She looks small, sitting there.
Kingsley isn't used to seeing her as small. He's used to looking at Audra as a girl that can fill up the room with nothing more than her laugh and a smile, but he suposes the war has turned them all into the shadows of who they were meant to be, especially the young ones. He aches for all of them, but particularly her, this girl who could degnome a garden faster than any Weasley and used every inch of her body like a weapon. He closes his eyes for a minute and allows himself to think of how she used to be before- tumbling onto the Burrow's front lawn after a haphazard broom landing, trying her first sip of firewhiskey at Sirius' insistence and spitting it out all over the kitchen, dancing in Fred's arms to Mrs. Weasley's old records. He likes these images much better, but they are soon replaced by others- Audra gathering her dead brother in her arms, a dark mark burning on her forearm, an entire wall of dust and stone collapsing down on top of her. They remind him of the final battle and pain, so he opens his eyes again, trying to look like he's supposed to.
"Are you ready, dear?" The witch overseeing the interview asked, peering at her over the top of her glasses. Somewhere along the line the ministry had decided that they needed to know what the heroes of this war had been doing. It seemed very important that the wizarding world learn about the efforts of these guerrilla fighters, so they can praise them for the heroes they were. One by one the members of the order were being dragged here, forced to sit in that awful chair like they were on trial, staring down the flashes of cameras and scratching of quills, looking into all the faces that just want to say thank you, thank you, you are a hero, even though the best thank you would have been to be left alone. Kingsley wants to protect them, all of them, but he can't, so he does the only thing he can: lurk in the back and bear witness to this. "We can go as slow as you need."
"I'm ready." She doesn't look ready, sitting there. She's digging her thumb into the splintered wood, and he can see where it started to bleed already. "I just want to get this over with." There is a humming sound, one that was probably supposed to be sympathetic but didn't quite make it there. Kingsley wonders again, not for the last time, what gave any of them a right to do this. What was it about them that made them think that the were entitled not only to their sacrifices, but also to their stories, allowing the pain of the wizarding warriors to be splashed across the front page of the Daily Prophet like it was some celebrity romance gone bad. They do not start off slow.
"What made you turn against the Dark Arts?" Audra straightened up, startled, angry. She throws her head back, hair tumbling down her back and narrows her eyes. When she moves her hand, he can see where her blood had soaked into the arm of the old wooden chair, the same color as the rust on the chains. It reminds him of the old version of her, and is thankful to know that she is still buried in there, under all the scars and grief.
"I was never involved in the dark arts." She spits out the words haughtily, almost an accusation. "Never."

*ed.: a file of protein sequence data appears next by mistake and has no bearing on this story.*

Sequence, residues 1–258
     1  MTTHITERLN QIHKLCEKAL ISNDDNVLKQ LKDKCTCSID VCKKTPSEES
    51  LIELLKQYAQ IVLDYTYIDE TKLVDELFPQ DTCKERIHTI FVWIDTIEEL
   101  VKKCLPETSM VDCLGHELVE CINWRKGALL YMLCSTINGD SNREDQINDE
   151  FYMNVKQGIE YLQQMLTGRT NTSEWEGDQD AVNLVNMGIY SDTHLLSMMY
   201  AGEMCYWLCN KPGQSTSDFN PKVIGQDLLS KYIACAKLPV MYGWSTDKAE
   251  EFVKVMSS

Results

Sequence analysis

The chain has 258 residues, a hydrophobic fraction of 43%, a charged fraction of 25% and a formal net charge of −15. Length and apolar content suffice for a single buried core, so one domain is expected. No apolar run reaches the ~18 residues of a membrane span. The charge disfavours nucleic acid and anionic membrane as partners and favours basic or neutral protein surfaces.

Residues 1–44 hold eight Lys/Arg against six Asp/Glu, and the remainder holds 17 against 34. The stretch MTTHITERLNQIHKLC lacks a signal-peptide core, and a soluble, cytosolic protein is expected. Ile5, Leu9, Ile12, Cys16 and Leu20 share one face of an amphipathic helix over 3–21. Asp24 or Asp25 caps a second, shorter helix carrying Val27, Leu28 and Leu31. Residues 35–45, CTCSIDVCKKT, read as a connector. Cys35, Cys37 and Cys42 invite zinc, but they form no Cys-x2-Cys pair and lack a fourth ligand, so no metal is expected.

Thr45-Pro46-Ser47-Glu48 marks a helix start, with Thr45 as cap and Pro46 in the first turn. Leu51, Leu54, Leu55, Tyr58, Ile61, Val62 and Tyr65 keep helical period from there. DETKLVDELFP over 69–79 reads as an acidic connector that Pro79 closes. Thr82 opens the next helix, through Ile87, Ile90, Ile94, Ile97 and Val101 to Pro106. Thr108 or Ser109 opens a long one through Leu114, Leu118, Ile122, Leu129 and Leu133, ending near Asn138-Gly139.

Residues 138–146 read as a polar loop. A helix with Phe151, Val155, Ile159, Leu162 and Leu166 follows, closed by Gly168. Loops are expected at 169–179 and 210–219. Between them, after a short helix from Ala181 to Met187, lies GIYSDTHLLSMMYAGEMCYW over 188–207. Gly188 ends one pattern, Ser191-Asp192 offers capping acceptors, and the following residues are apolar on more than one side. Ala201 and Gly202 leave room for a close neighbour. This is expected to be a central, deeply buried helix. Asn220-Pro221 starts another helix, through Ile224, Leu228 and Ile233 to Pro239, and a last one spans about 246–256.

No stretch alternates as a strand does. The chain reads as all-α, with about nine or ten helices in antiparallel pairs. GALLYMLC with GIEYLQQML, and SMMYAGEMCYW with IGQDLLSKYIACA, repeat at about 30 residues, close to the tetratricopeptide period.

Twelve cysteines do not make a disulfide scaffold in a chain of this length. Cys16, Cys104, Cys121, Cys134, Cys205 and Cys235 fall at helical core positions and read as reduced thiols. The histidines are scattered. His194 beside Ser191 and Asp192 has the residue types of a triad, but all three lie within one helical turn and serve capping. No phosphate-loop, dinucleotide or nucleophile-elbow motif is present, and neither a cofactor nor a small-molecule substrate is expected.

"I'll rephrase." And then came the dagger to the heart, the below the belt punch that tore all the fight out of her. "What made you turn against your family?"
She slumps back into the chair, staring at the ground, and her thumb is worrying at the splinters again, digging, digging, until the blood is coming steadily now. He wonders how she doesn't notice, and realizes that the pain may be the only thing that makes sense to her anymore. "I don't know why I did it, exactly. It wasn't like there was a defining moment where I realized that what they believed in was wrong, that there was a better way. It was the build up of a bunch of little things." Audra takes a deep, stuttering kind of breath, like her lungs are still so clogged with the dust and debris from the battle that they do not have room for air. She is clutching at the glass of water they had given her. "But I suppose that it started the day I became friends the Fred and George Weasley."
She does not stumble over his name. She does not break down. Audra doesn't even flinch, but Kingsley can see it in her eyes; it hurts, and inside of her there is pain, pain so great that she doesn't know how to deal with it, not now when everyone else has too many holes in their hearts to take time to heal hers and everyone is looking towards the members of the order for guidance.
"You did all of that for two friends?" The woman's voice was full of something, disbelief, maybe, or respect. "You turned your back on your family, walked away from everything they ever taught you? Killed your brother? Helped smuggle your muggle born classmates to safety, became a spy for the Order at sixteen? Took the dark mark on Dumbedore's orders? All because of them?"
"You didn't know." Audra's voice was dead. "You didn't know how much we loved each other. How much I loved him. I'll tell you why, if you'll listen."
The witch nodded, apparently pleased. "That's what we're here for."
The story spilled out of her then, about all the wonderful pain of that comes from loving someone as fiercely as she did and the gut wrenching ache that you feel when you lose them, about fear and bravery and how the two things go together, about how she traded her old family for the Weasleys and can't bring herself to regret it.
The world listens, and so does Kingsley, and all he can think is that a child this young should not know a pain like that.